My front yard in northeast Georgia was located at the end of a cul d’sac and surrounded by very tall pine trees. It was a small yard with the majority of the property in back of the house.
The developer of the neighborhood believed in leaving as many original trees as possible. In the middle of the yard, there was a cluster of oak trees that left a wonderful dappled shade on the house and yard in the spring and summer. The fall foliage made the view out of the windows spectacular.
Unfortunately, this cluster of trees and the western exposure left large areas bare, and the turf did not grow. I did not want to cut down the trees because I liked the wooded look and the low maintenance of the turf. I came up with an idea to develop and highlight these shaded areas and made them into pine islands.
We had found a source of wood chips to mix with the red Georgia clay in the yard. It was delivered and left in a convenient pile for me to work with. I defined the outlines of the islands with a shovel and mixed in several inches of wood chips.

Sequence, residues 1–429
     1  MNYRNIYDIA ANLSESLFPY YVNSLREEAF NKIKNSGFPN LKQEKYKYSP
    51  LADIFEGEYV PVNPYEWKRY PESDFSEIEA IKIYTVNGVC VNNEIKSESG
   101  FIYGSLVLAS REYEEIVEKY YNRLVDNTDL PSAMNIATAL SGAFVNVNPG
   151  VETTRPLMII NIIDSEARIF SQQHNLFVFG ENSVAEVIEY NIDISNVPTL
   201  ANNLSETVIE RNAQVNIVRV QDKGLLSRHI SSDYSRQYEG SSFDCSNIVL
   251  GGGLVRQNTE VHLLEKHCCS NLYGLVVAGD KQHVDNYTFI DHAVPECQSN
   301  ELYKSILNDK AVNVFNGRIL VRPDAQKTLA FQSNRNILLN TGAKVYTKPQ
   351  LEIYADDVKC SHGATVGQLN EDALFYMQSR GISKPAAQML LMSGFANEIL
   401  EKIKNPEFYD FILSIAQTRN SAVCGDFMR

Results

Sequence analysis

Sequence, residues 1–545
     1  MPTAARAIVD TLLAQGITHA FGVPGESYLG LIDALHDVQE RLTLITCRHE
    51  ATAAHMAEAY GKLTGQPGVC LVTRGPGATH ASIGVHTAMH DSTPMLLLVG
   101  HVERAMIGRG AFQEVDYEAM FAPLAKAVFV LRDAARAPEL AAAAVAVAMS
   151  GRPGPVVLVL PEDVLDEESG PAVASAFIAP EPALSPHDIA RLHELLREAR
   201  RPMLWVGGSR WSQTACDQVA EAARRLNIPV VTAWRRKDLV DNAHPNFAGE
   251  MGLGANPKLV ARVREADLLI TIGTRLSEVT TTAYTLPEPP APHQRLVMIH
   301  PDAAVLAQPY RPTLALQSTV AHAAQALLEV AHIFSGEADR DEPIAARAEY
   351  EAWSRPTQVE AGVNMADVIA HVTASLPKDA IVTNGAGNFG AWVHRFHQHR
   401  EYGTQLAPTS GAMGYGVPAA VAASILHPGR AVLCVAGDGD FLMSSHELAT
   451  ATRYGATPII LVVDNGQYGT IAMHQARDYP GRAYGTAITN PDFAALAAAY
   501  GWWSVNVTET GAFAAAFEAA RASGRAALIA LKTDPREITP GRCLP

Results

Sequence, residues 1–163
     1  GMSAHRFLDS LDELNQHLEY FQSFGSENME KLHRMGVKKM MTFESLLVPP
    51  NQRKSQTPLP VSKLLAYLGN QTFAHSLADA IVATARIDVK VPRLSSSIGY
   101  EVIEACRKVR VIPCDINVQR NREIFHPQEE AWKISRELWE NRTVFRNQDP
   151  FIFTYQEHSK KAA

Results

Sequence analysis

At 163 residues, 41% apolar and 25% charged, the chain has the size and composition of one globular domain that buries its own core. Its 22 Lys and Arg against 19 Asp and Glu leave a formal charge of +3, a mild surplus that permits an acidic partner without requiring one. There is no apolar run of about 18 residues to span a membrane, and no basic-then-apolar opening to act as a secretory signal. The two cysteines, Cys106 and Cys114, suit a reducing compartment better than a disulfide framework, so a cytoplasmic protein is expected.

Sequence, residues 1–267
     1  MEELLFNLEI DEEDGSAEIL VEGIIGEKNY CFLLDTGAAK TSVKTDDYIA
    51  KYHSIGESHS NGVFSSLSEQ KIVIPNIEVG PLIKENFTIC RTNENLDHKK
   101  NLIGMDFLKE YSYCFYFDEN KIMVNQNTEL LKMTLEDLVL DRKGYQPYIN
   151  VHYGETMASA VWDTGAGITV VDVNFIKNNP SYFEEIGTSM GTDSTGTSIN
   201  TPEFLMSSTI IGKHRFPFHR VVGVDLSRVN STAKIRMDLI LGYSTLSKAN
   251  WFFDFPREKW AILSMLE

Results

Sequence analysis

The end result was much less turf to maintain, a bed in front of the house for bulbs, annuals, etc., and a larger area in the center of the yard that left a natural look because it followed the graceful lines made by Mother Nature.
Judy Tate, former Smith County Master Gardener
Texas A&M AgriLife Extension Service